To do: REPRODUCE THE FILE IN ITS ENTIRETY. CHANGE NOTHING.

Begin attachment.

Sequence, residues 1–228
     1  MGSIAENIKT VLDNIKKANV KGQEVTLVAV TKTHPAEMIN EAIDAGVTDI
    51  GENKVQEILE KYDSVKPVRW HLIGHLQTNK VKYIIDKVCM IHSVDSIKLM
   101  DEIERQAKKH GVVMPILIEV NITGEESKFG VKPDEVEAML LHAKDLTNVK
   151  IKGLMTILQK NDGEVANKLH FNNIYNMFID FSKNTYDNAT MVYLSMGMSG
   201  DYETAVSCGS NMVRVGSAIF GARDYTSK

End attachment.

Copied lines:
Sequence, residues 1–228
     1  MGSIAENIKT VLDNIKKANV KGQEVTLVAV TKTHPAEMIN EAIDAGVTDI
    51  GENKVQEILE KYDSVKPVRW HLIGHLQTNK VKYIIDKVCM IHSVDSIKLM
   101  DEIERQAKKH GVVMPILIEV NITGEESKFG VKPDEVEAML LHAKDLTNVK
   151  IKGLMTILQK NDGEVANKLH FNNIYNMFID FSKNTYDNAT MVYLSMGMSG
   201  DYETAVSCGS NMVRVGSAIF GARDYTSK